Background: The U.S. Preventive Service Task Force's Guide to Clinical Preventive Services and Healthy People 2000 recommend that physicians participate in various counseling activities, including injury prevention. Despite recommendations, rates of physician counseling, particularly injury prevention, are low. This study assessed clinical preventive services and attitudes among physicians. Furthermore, the study illustrates how physicians prioritize injury-prevention counseling relative to other prevention recommendations. Methods: Personal characteristics (i.e., demographics, specialty orientation, attitudes toward prevention, and personal health behaviors) of the residents were collected by a self-administered survey. We performed a 12-month retrospective chart review of 184 new doctor-patient encounters to determine rates of clinical preventive services that included four injury-prevention services: the use of seatbelts, helmets, and smoke detectors; and the safe storage of firearms. Results: Overall, attitudes toward injury prevention in the context of other clinical preventive services were low. Seatbelt counseling was the only injury-prevention service documented in the charts, and was performed at only one of four clinic sites. Conclusions: Clinic site as a key predictor of preventive practice may be suggestive of the importance of organizational priorities and professional norms. Future injury-prevention education efforts must aim at improving attitudes of current and future physicians to facilitate positive professional norms. Copyright (C) 2000 American Journal of Preventive Medicine.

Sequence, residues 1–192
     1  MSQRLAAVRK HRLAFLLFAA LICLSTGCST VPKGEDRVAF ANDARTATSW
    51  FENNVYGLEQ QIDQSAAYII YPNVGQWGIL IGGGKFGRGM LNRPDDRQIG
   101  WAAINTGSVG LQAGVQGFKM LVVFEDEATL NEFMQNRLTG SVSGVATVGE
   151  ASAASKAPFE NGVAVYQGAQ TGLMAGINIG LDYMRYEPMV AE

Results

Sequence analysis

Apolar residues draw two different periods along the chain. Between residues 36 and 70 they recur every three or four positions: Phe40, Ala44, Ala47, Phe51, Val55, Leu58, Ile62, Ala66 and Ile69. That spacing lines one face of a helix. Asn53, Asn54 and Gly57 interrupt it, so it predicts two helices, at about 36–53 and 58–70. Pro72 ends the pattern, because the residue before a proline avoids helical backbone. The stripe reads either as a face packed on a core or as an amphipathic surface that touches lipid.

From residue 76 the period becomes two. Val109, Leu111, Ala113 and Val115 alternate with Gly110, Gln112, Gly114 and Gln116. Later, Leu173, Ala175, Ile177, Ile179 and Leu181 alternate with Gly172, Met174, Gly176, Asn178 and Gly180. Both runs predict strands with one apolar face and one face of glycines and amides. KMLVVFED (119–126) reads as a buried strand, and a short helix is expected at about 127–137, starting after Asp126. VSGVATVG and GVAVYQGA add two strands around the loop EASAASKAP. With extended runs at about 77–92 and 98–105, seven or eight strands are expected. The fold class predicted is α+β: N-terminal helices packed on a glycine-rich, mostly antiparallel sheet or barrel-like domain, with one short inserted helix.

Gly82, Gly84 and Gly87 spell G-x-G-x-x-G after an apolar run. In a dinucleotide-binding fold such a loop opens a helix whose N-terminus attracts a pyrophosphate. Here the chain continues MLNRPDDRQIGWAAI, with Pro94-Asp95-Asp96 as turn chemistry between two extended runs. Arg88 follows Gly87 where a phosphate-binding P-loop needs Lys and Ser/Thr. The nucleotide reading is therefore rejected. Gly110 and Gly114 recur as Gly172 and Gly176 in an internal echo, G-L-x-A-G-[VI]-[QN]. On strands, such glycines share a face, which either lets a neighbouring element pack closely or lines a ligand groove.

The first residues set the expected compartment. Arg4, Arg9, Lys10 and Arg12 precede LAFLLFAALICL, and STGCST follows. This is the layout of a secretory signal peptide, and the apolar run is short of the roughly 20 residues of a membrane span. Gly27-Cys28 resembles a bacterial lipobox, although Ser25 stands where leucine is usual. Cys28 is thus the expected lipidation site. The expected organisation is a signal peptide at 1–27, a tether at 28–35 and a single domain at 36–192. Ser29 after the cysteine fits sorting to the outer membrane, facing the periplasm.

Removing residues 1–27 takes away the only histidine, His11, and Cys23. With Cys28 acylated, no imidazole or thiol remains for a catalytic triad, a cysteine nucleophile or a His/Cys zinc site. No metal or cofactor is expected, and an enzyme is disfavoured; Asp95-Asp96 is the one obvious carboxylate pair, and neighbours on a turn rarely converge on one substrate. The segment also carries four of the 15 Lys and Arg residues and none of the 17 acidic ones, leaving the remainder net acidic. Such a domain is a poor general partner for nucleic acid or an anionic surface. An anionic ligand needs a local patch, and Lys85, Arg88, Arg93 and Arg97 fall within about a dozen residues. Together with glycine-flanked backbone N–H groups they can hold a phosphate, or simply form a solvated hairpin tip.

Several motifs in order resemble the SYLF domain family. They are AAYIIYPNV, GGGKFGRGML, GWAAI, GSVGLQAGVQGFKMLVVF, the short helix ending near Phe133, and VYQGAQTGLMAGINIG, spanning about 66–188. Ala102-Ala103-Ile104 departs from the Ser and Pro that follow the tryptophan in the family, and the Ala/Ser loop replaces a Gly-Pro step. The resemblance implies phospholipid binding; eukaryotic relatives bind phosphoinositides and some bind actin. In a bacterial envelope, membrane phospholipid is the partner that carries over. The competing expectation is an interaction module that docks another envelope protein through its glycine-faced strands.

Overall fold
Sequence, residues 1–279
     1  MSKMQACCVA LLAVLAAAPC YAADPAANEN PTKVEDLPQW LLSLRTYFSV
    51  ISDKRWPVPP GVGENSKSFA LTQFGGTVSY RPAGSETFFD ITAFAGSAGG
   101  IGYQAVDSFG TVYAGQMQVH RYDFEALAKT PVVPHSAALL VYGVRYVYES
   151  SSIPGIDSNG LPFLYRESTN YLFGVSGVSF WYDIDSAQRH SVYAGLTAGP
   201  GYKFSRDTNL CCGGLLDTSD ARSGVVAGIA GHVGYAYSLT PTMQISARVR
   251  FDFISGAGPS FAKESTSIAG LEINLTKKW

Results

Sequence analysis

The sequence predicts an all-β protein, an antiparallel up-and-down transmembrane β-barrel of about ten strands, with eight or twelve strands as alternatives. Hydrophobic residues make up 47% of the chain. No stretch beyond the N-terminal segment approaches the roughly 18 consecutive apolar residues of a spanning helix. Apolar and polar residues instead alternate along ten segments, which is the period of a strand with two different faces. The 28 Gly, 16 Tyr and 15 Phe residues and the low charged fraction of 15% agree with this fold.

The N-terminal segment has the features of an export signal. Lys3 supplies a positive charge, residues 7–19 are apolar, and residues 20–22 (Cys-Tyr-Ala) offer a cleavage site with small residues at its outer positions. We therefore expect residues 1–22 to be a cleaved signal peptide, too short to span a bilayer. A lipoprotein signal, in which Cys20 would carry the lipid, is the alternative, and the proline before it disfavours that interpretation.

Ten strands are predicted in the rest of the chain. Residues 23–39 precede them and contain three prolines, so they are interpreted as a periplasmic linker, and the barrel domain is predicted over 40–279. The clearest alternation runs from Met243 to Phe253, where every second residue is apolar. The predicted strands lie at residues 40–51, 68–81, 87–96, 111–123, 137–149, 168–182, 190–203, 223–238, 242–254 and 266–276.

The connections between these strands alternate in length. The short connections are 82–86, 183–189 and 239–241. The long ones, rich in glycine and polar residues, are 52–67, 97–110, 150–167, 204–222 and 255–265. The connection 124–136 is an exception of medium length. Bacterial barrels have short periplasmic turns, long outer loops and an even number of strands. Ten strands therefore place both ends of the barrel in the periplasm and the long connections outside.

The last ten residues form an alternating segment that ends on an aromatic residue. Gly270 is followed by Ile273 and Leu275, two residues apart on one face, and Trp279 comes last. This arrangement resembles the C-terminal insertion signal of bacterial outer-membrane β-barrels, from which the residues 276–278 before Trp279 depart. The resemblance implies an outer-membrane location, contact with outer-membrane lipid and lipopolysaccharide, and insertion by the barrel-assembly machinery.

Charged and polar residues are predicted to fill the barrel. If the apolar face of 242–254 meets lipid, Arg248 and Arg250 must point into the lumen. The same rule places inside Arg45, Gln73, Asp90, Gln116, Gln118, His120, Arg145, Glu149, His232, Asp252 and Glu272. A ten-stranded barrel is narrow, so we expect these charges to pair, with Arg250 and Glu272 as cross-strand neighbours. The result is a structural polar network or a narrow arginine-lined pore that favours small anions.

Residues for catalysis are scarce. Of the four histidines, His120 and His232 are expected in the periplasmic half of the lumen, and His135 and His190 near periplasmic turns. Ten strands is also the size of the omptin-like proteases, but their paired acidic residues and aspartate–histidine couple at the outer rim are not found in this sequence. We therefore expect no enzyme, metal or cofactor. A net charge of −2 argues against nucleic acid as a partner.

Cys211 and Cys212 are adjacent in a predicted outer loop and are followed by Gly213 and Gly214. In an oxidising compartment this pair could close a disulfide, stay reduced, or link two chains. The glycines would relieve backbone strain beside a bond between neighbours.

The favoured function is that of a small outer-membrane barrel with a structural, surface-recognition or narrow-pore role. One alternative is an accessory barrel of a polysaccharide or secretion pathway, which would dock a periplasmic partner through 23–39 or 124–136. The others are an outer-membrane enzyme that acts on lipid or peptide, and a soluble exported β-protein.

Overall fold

All Science Journal Classification (ASJC) codes
- Public Health, Environmental and Occupational Health